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Chapter 4 – Early Rock and Roll PowerPoint Presentation
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Chapter 4 – Early Rock and Roll

Chapter 4 – Early Rock and Roll

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Chapter 4 – Early Rock and Roll

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  1. Chapter 4 – Early Rock and Roll “The blues had a baby and they called it rock and roll” – Muddy Waters

  2. Musicians with Backgrounds in Country Music Bill Haley (1925-1981) 1951- Bill Haley and the Saddlemen covered blues songs 1952- group name changed to the Comets 1954- covered Joe Turner’s blues song “Shake, Rattle and Roll” with lyric changes to remove sexual references 1955- biggest hit of career, “(We’re Gonna) Rock Around the Clock” 1957- toured Britain, making Haley the first international rock star 4-2

  3. Listening Guide “Shake, Rattle and Roll” by Joe Turner (1954) Tempo: 140 beats per minute, 4 beats per bar Form: 12- bar blues Features: Rhythm section includes boogie-woogie-styled piano, string bass, hand clapping, and snare drum accents on the backbeats Fills by saxophones playing repeated notes or riff patterns Instrumental 5th chorus by baritone saxophone using jazz- styled improvisation Ending, saxophone quoting from Ellington’s “Take the ‘A’ Train” Lyrics: The lyrics include many sexual references about the singer’s appreciation of a woman Charts: R&B, #1 for three weeks 4-3

  4. Listening Guide “Shake, Rattle and Roll” by Bill Haley and the Comets (1954) Tempo: 176 beats per minute, 4 beats per bar Form: 12-bar blues Features: Rhythm section includes piano and drums playing a shuffle beat pattern and bass snapping the strings against the fingerboard Backbeat less accented than in Turner’s recording Fills by saxophone and guitar riffs (repeated patterns) Lyrics: Similar to the lyrics in Turner’s recording except that the sexual references are missing and replaced by ones that indicate that the woman is cold and no longer loving the singer Charts: Pop, #7, British hits, #4 4-4

  5. Listening Guide “Hound Dog” by Willie Mae “Big Mama” Thornton (1952) Tempo: 140 beats per minute, 4 beats per bar Form: 12- bar blues Features: Thornton uses a rough, classic blues-style tone quality Rhythm section – country blues-style guitar rhythms, bass on beats, and hand clapping with a drum stuck on the side for a strong backbeat Fills by guitar bending strings to produce blue notes Lyrics: A man has cheated on the singer and she vows to stop seeing him Charts: R&B, #1 for seven weeks 4-5

  6. Listening Guides Elvis Presley (1935-1977), singer, guitarist? Known as the King of Rock and Roll 1954 - Signed to Sun Records by owner/producer Sam Phillips 1955 - Turned down in audition for Grand Ole Opry because style was too “black” 1955- Turned down in audition for TV show Talent Scouts 1955 – signed with manager Colonel Tom Parker, changed to RCA record label 1956 – RCA’s polished studio recording sound, songs by a variety of pop writers, much publicity and TV show performances, first movie, Love Me Tender, and international stardom 1957 – bought Graceland and made movies Loving You and Jailhouse Rock 1958 – movie King Creole, entered the U.S. Army for two years 1960s and beyond – more movies and hit songs from movies, as well as performances in Las Vegas and other places 1977 – Reclusive life and drug-related death 4-6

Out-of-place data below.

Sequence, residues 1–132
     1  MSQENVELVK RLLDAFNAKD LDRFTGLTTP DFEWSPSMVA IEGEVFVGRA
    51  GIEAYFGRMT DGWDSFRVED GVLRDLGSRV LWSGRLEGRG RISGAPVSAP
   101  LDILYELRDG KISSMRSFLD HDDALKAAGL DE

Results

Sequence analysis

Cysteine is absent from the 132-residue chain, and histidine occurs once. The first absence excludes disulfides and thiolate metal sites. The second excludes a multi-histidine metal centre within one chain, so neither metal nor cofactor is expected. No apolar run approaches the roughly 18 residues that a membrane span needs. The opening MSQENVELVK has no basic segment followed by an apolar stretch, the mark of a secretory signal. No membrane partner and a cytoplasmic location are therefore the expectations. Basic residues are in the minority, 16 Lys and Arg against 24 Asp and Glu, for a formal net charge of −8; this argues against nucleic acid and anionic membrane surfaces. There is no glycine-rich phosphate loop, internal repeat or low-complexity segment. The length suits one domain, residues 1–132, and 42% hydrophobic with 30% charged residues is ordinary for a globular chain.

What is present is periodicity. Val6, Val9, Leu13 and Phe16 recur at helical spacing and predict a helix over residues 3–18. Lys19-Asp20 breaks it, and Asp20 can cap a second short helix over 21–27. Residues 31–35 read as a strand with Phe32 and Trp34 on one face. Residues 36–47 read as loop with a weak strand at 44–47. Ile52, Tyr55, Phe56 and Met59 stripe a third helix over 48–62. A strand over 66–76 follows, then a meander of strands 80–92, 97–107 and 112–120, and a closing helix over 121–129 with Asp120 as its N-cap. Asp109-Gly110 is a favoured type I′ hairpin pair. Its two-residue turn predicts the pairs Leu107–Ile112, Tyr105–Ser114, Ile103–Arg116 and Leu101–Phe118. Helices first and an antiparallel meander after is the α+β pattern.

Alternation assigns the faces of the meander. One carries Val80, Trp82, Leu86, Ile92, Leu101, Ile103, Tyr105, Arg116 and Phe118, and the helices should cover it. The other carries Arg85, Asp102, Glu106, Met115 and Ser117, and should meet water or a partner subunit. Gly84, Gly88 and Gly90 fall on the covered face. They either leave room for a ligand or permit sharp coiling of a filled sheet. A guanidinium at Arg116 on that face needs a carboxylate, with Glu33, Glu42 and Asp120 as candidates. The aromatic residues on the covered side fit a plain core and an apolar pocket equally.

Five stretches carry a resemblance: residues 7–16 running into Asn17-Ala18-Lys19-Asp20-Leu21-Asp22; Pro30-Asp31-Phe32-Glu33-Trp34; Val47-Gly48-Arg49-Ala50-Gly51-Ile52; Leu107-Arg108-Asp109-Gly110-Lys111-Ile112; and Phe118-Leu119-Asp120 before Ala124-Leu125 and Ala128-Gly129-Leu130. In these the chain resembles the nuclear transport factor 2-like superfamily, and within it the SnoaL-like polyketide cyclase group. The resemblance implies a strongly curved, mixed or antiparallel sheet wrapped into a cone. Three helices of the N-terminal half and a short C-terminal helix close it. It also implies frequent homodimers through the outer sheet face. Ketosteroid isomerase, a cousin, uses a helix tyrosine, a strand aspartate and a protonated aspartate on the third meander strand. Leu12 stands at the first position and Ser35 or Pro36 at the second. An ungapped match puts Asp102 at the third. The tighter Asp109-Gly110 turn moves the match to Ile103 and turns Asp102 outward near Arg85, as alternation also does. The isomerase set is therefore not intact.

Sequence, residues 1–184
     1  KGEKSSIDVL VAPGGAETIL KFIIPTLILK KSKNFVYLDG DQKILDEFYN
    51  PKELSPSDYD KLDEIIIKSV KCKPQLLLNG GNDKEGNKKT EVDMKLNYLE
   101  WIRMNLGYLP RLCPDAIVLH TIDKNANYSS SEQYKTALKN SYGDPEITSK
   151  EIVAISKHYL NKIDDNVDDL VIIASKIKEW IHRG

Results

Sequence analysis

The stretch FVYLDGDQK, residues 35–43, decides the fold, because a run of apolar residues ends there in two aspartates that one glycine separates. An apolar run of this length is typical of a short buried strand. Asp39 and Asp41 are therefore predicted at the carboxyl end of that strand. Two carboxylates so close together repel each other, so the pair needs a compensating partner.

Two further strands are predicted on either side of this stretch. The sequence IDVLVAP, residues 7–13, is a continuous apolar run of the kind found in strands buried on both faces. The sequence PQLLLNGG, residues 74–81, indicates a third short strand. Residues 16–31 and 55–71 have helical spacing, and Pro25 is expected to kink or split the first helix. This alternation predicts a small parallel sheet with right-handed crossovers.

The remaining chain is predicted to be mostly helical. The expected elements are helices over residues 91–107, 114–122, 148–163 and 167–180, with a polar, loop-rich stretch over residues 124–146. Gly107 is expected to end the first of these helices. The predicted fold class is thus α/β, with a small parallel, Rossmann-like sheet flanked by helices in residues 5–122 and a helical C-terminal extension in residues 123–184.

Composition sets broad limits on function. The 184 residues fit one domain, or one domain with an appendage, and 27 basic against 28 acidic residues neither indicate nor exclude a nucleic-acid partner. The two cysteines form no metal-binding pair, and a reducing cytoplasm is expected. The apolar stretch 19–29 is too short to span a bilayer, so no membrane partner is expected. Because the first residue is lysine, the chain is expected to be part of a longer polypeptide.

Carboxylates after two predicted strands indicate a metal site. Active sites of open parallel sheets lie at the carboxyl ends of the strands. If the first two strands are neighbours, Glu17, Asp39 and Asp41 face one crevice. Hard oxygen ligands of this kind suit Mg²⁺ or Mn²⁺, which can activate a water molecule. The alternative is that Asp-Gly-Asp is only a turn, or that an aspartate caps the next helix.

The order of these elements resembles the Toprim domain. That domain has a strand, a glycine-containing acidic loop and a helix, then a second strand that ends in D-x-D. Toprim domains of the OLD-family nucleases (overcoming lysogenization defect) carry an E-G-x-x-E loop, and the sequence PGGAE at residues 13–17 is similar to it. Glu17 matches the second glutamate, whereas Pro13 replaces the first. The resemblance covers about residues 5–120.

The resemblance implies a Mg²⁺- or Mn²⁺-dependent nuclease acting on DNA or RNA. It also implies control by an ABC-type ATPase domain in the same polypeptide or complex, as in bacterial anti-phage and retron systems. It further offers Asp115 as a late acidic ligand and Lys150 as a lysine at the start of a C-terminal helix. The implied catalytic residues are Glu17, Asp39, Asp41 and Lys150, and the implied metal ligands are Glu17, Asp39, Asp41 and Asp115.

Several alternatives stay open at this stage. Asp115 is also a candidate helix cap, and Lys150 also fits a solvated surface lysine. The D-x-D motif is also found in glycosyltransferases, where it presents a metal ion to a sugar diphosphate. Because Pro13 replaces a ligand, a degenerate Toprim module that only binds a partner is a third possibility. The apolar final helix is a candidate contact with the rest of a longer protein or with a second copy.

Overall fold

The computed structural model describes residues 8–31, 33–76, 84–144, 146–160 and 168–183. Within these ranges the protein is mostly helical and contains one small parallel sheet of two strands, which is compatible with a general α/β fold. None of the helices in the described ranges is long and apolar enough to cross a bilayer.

7. Listening Guide “Hound Dog” by Elvis Presley (1956) Tempo: 176 beats per minute, 4 beats per bar Form: 12-bar blues Instrumental choruses played by guitar with vocal group singing sustained chords Features: Presley uses a polished urban blues style and tone quality Rhythm section- country-style guitar, bass in riff pattern, drums accent strong backbeat Fills by guitar and sustained vocals Lyrics: Sung to a woman who is of no more value than a hound dog that cannot catch rabbits Charts: Pop, #1 for eleven weeks, R&B, #1 for six weeks, British hits, #2 4-7

  8. Rockabilly Style made popular through Presley’s early recordings at Sun Records in 1954-55 Typical rockabilly instrumentation: electric lead guitar acoustic rhythm guitar slapping bass fiddle subdued drums accent back beat Carl Perkins (1932-1998), singer, songwriter, guitarist Attracted to Sun Records to record rockabilly after hearing Presley’s records 4-8

  9. Listening Guide “Blue Suede Shoes” by C. Perkins (1956) Tempo: 168 beats per minute, 4 beats per bar Form: 12-bar blues with some pickups and some extensions Features: Some use of “stop time” (vocals continue while instruments “punch” in at certain beats for rhythmic interest) Rockabilly instrumentation, electric lead guitar, acoustic rhythm guitar, slapping bass, and drums Lyrics: Singer values his blues suede shoes over anything else Charts: Pop, #2 for four weeks, R&B, #2 for four weeks, Country, #1 for three weeks, British hits, #10 4-9